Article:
The Dart Center surveyed 247 journalists around the world about the safety trainings they attended, the skills they acquired and the gaps between these trainings and their professional needs on the ground. This report, prepared by an interdisciplinary team of researchers in psychology, occupational safety and journalism practice, details the results. Scroll down for the executive summary and click here for the full report.
Resources for Elana Newman, Featured Articles
In the summer of 2016, in advance of a two-day conference commemorating the centennial of the Pulitzer Prize, Dart Center researchers interviewed 10 Pulitzer Prize winners from the past 20 years who were honored for their coverage of traumatic events or investigative reporting on trauma-related issues. Navigate through sections of this article to find pieces by: Alex Hannaford, who wrote on the relationship between Pulitzer winners and their sources, and on the impact of Charles Porter's 1996 Prize-winning photo; Elana Newman, who gathered advice from honorees on best practices in trauma reporting, and created teaching notes for the classroom with Matthew Ricketson and Autumn Slaughter; Matthew Ricketson, who also wrote a conference recap for those who could not be in attendance.
An overview of current research on the occupational hazards for journalists covering traumatic events, the risk factors that aggravate those effects, and some suggestions for mitigating those factors. Originally published by River Smith and Elana Newman in January, 2009; Updated by Susan Drevo in May, 2016, and by Autumn Slaughter in March, 2019.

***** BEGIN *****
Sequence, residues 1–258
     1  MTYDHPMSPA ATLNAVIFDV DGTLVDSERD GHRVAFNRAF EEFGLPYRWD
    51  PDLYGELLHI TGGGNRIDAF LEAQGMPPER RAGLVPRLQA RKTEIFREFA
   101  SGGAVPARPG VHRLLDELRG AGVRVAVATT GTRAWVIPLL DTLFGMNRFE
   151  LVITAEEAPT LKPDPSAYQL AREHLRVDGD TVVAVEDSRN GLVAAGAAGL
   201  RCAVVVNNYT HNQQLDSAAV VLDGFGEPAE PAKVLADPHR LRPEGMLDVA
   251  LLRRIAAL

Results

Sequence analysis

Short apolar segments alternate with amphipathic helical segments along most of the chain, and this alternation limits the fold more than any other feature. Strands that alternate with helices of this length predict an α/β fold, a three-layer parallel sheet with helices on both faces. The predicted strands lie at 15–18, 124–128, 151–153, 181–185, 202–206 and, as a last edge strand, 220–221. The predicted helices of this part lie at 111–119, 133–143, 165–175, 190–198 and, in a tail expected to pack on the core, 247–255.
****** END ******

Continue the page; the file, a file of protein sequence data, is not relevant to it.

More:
Among the many risks journalists face, they are often targets of harassment and aggression. While harassment is a concern for all journalists, female journalists in particular are more likely to be targets [Committee to Protect Journalists (CPJ), 2011]. Despite increasing awareness of the issue, little is known about journalist-specific risk factors and consequences. Most recently updated in December 2017, this fact sheet summarizes key information about harassment of journalists. (Note: The topic of online harassment is not included in this review).
Miho Hatanaka and her colleagues shared several English abstracts of their work on the impact of trauma and stress on journalists with Elana Newman and Kelsey Parker, who have provided a brief overview of the research findings. Click here for English abstracts from 11 journal articles and six conference presentations.
While the debate is focused on the power of naming a disorder, it really represents a far more important set of nuanced issues and assumptions about the nature of psychological responses after surviving catastrophe, brutal deaths, war, sexual assault and other horrific life events. It also represents differing views on how best to achieve needed cultural changes.
Early live reports of terrorist attacks are sometimes confusing and misleading. Yet there are also extraordinary examples of media excellence, with journalists risking their lives to inform the nation about an unfolding crisis.
Whether clinicians like it or not, children and families affected by trauma are routinely covered by the media. When that happens, clinicians often face difficult choices.
Note: Available as PDF download only.